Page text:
"Listings—especially those in the affordable price range—continue to go under contract typically a week faster than a year ago, and even quicker in many areas where healthy job markets are driving sustained demand for buying," said Yun. "With the seasonal decline in inventory beginning to occur in most markets, prospective buyers will likely continue to see competitive conditions through the winter."

According to Freddie Mac, the average commitment rate for a 30-year, conventional, fixed-rate mortgage rose to 3.90% in October (matches highest rate since June) from 3.81% in September. The average commitment rate for all of 2016 was 3.65%.

First-time buyers were 32% of sales in October, which is up from 29% in September but down from 33% a year ago. NAR's 2017 Profile of Home Buyers and Sellers—released last month—revealed that the annual share of first-time buyers was 34%.

Regional
October existing-home sales in the Northeast rose 4.2% to an annual rate of 740,000 (unchanged from a year ago). The median price in the Northeast was $272,800, which was 6.6% above October 2016.

In the Midwest, existing home sales inched forward 0.8% to an annual rate of 1.31 million in October, but were still 1.5% below a year ago. The median price in the Midwest was $194,700, up 7.1% from a year ago.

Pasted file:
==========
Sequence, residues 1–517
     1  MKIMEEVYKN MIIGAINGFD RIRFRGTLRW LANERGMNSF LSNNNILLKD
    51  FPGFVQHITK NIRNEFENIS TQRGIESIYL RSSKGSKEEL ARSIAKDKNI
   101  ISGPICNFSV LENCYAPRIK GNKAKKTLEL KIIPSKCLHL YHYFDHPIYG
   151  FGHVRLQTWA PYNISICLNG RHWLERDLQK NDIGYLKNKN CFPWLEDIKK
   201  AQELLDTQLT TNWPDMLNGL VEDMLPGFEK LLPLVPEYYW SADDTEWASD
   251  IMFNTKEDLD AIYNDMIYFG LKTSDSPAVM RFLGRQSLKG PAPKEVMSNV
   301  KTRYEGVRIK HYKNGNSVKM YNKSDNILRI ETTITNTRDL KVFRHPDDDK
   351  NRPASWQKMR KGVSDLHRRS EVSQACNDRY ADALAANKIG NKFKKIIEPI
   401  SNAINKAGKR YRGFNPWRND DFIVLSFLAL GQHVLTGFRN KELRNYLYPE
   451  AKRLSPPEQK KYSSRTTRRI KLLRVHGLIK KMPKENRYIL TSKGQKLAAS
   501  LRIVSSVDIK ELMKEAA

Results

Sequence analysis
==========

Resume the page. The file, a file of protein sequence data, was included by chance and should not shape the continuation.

Existing home sales in the South increased 1.9% to an annual rate of 2.16 million in October, but were still 1.8% lower than a year ago. The median price in the South was $214,900, up 4.6% from a year ago.

Existing home sales in the West grew 2.4% to an annual rate of 1.27 million in October and were 0.8% above a year ago. The median price in the West was $375,100, up 7.8% from October 2016.

New Residential Sales
Sales of new single-family houses in October 2017 were at a seasonally adjusted annual rate of 685,000, according to estimates released jointly by the U.S. Census Bureau and the Department of Housing and Urban Development. This was 6.2% above the revised September rate of 645,000 and was 18.7% above the October 2016 estimate of 577,000.

The median sales price of new houses sold in October 2017 was $312,800. The average sales price was $400,200.

The seasonally-adjusted estimate of new houses for sale at the end of October was 282,000. This represents a supply of 4.9 months at the current sales rate. New house sales in October 2017 compared to October 2016 were up 64.7% in the Northeast, 16.2% in the Midwest, 14.0% in the South and 20.1% in the West.

Housing Starts
The U.S. Census Bureau and the Department of Housing and Urban Development jointly announced that privately-owned housing starts in October were at a seasonally adjusted annual rate of 1,290,000. This was 13.7% above the revised September estimate of 1,135,000, but was 2.9% below the October rate of 1,328,000. Single family housing starts in October were at a rate of 877,000; this was 5.3% above the revised September figure of 833,000. The October rate for units in buildings with 5 units or more was 393,000.

New privately-owned single family starts were down 13.2% in the Northeast and 5.6% in the West when compared to October 2016 starts, but were up 10.4% in the Midwest and up 3.0% in the South.